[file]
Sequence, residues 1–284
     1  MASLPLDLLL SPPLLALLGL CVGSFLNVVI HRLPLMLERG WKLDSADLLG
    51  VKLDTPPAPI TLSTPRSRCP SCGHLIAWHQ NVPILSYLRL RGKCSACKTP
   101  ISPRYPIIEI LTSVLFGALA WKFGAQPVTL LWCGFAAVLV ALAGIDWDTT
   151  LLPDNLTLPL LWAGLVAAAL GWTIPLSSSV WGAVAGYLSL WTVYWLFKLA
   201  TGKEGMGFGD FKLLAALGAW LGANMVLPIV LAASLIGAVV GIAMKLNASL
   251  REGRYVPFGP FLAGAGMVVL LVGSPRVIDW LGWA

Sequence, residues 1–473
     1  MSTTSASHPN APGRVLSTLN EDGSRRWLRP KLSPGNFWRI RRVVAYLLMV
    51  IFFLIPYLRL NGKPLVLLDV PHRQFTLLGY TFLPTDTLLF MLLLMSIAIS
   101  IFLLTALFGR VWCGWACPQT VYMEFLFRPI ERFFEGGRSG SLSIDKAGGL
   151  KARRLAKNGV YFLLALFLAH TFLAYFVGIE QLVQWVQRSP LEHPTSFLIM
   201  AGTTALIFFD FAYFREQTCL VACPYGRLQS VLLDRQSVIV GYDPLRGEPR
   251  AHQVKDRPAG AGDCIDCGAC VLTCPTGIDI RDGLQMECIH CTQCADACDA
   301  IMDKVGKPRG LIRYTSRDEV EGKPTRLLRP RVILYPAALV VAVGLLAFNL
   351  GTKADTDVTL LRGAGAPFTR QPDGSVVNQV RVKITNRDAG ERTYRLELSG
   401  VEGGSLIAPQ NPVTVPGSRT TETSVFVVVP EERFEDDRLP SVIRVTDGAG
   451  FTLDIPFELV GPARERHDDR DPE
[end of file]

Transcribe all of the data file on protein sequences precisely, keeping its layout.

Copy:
Sequence, residues 1–284
     1  MASLPLDLLL SPPLLALLGL CVGSFLNVVI HRLPLMLERG WKLDSADLLG
    51  VKLDTPPAPI TLSTPRSRCP SCGHLIAWHQ NVPILSYLRL RGKCSACKTP
   101  ISPRYPIIEI LTSVLFGALA WKFGAQPVTL LWCGFAAVLV ALAGIDWDTT
   151  LLPDNLTLPL LWAGLVAAAL GWTIPLSSSV WGAVAGYLSL WTVYWLFKLA
   201  TGKEGMGFGD FKLLAALGAW LGANMVLPIV LAASLIGAVV GIAMKLNASL
   251  REGRYVPFGP FLAGAGMVVL LVGSPRVIDW LGWA

Sequence, residues 1–473
     1  MSTTSASHPN APGRVLSTLN EDGSRRWLRP KLSPGNFWRI RRVVAYLLMV
    51  IFFLIPYLRL NGKPLVLLDV PHRQFTLLGY TFLPTDTLLF MLLLMSIAIS
   101  IFLLTALFGR VWCGWACPQT VYMEFLFRPI ERFFEGGRSG SLSIDKAGGL
   151  KARRLAKNGV YFLLALFLAH TFLAYFVGIE QLVQWVQRSP LEHPTSFLIM
   201  AGTTALIFFD FAYFREQTCL VACPYGRLQS VLLDRQSVIV GYDPLRGEPR
   251  AHQVKDRPAG AGDCIDCGAC VLTCPTGIDI RDGLQMECIH CTQCADACDA
   301  IMDKVGKPRG LIRYTSRDEV EGKPTRLLRP RVILYPAALV VAVGLLAFNL
   351  GTKADTDVTL LRGAGAPFTR QPDGSVVNQV RVKITNRDAG ERTYRLELSG
   401  VEGGSLIAPQ NPVTVPGSRT TETSVFVVVP EERFEDDRLP SVIRVTDGAG
   451  FTLDIPFELV GPARERHDDR DPE